Now we are sitting in the barista school of Prufrock Coffee, in Leather Lane, looking at a whiteboard. This in itself is disturbing: insofar as I can remember, the whiteboard did not exist when I was at school. On the board are some simple graphs which demonstrate the relationship between dilution and extraction. The temperature should be 93.5°C, the dose per cup should be 15g of ground coffee, and the time allowed (presumably for the coffee to infuse) is ideally between 28 and 32 seconds. I hope I have this right. My son is something of a scientist, and he is clearly finding this easy. At school, I won the essay prize, so I am easily confused.
In the new artisan coffee movement, Jeremy Challender, a 32-year-old Australian who is one of the founders of Prufrock Coffee, explains, precision is everything for the barista. Jeremy is able to analyse his coffee with the benefit of an app on his phone. He also has something called a spectroscope (or perhaps it is a spectrometer) to see what each dose consists of, I think.
Grinding is very important, and this innovation guarantees an exact dose every time. For instance, if your Guatemalan beans (I am simplifying for your benefit) have a better flavour in a 18g dose than your Kenyan beans at 14g, you can capture these settings for ever. This little gizmo costs £400. Complete barista-standard coffee machines cost from £1,600 to more than £20,000. Jeremy has a number of fancy machines, and one Dutch machine which he seems to favour. It has chrome fins, like an old Cadillac.
So far we have spent more than an hour discussing the technicalities. I haven’t made art on milk froth yet. I haven’t begun to live the dream. We now get on to grinding and tamping. We are shown how to work the grinder, which is operated by hand, producing the traditional clunk, clunk of coffee bars. We transfer this to the basket and then we tamp. My son goes first. Jeremy is impressed: ‘Nice technique, classical.’
It’s my turn and I use the wrong tamp — too small for the basket — and the coffee is cruelly shunted into drifts. Coffee must be treated gently, and smoothed out. I hadn’t realised it was so temperamental. Jeremy levels my effort with his forefinger. He loves coffee; it produces a beatific smile on his face. I have read a coffee blog from Dublin which says that the ‘bleeding bunny syndrome’ is fatal for baristas: don’t demonstrate weakness or you will be savaged by your customers. Jeremy is serenity itself.
Now I must heat the milk to the required 93.5°C. This can be done unscientifically, by placing the palm of your hand under the titanium milk jug. When you say ‘ouch’ it is ready. You can, of course, use the thermometer. You want 2oz of foam in a 6oz cup — I think. Now I have no idea what the brew ratio is supposed to be, not even what it means. But I have watched the next bit carefully, and pour my milk into the middle of the cup from 10cm, and then very close up to make the palm effect I am after.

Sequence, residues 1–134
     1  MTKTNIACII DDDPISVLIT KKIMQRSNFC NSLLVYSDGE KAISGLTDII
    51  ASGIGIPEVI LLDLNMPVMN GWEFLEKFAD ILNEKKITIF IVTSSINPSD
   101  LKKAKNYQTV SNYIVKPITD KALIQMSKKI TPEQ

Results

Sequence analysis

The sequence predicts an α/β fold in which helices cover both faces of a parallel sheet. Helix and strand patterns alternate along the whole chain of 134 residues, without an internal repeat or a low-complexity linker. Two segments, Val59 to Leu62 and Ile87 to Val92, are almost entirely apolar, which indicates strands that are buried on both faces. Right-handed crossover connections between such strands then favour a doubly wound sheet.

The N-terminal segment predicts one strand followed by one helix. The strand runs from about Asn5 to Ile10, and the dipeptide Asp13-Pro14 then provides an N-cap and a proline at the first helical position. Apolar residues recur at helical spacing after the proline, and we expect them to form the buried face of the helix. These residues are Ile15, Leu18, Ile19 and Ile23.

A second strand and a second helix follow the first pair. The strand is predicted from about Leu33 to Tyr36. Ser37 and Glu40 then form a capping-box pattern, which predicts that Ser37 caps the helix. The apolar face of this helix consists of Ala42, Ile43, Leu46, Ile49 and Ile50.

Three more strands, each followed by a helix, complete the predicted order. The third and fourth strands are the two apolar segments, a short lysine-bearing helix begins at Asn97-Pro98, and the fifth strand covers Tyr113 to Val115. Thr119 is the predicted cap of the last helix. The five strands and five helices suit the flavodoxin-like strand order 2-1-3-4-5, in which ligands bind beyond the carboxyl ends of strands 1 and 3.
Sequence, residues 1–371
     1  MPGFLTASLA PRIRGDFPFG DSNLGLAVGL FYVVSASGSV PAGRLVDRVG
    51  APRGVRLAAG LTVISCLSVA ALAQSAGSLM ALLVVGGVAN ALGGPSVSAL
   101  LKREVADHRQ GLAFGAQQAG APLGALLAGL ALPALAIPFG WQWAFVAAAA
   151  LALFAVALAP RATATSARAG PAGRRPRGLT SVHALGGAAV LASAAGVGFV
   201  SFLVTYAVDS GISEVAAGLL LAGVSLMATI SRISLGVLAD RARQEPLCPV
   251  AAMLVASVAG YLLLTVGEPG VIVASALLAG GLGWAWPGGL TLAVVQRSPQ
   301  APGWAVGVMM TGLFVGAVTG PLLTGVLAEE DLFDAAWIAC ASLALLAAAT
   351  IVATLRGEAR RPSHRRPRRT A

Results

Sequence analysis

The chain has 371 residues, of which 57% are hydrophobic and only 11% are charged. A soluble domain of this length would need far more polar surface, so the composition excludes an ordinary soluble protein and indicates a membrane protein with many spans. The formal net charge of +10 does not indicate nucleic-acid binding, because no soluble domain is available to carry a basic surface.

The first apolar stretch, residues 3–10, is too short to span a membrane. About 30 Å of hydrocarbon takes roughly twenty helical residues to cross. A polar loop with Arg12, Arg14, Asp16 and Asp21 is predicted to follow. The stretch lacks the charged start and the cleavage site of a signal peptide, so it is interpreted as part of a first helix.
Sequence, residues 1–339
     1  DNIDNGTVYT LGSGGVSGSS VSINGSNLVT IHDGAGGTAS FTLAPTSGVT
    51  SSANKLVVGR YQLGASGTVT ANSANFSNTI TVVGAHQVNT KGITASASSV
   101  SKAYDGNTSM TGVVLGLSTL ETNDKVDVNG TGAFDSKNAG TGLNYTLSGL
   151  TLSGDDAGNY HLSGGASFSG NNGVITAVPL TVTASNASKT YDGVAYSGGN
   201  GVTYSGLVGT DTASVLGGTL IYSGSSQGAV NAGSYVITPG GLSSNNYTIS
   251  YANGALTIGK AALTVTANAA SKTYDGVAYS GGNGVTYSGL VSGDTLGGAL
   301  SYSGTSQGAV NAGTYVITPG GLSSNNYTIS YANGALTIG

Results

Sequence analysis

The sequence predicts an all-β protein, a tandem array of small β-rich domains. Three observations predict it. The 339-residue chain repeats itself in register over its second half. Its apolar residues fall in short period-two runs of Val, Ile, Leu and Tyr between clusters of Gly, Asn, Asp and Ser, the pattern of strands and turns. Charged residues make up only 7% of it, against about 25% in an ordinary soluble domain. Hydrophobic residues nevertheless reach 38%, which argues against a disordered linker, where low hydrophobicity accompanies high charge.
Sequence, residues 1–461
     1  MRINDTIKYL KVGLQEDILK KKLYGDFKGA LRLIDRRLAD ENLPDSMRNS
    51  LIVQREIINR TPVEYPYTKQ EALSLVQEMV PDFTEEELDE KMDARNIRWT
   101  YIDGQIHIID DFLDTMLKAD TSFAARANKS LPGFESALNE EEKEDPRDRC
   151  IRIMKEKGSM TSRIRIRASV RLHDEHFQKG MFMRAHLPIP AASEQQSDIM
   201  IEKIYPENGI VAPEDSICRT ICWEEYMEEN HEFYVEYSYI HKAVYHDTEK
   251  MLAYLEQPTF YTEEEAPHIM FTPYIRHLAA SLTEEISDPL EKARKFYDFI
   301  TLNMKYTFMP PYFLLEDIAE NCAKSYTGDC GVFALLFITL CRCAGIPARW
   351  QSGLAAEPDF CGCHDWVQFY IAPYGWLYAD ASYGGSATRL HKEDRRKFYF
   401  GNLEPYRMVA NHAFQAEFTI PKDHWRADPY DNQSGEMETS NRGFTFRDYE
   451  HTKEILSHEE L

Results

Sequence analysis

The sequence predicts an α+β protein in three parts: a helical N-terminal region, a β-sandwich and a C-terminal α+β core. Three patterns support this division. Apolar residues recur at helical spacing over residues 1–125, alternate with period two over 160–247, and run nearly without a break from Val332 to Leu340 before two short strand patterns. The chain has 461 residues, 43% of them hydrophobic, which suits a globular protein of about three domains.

Instead, I make an unremarkable round white blob in the middle of the cup, a caffeinated île flottante. My son goes next. I simply cannot believe what happens: he makes a perfect palm frond. It seems to appear as if by magic.
Our two hours are up. Jeremy tells me something about his life: he is from Sydney, and came to this country on a visit, taught jazz piano, and played publicly, but he was always interested in coffee. And this coincided with the new interest in coffee brought to this country by Australians.
Jeremy joined up with the world barista champion for 2009, Gwylim Davies, a Yorkshireman, to start Prufrock Coffee. Their first venture was a concession in a clothing shop in Shoreditch High Street, and now they also have the Zen-like Prufrock in Hatton Garden. They serve exquisite coffees as well as teas and some lunchtime eats, such as avocado on toast with lime juice. Very Australian. But what actually distinguishes this new breed of coffee people is a kind of zealotry. They are interested in the origins of beans. Jeremy told me of a small grower in Central America whose crop is so small (seven bags) that it is bought by one individual coffee shop for the exclusivity value. And they are interested in making the world a better place.
I have seen Square Mile Coffee in many of these artisan coffee shops, at a very fancy price. Jeremy tells me that Square Mile has two of the best coffee minds in Britain. I can’t exactly envisage a coffee mind, but their blends of coffee are delicious. I favour Redbrick.
In the meantime, back home I have used up two litres of milk trying to make a swan, a fern, anything at all without success. It’s depressing: I will have to make a flat white to cheer myself up.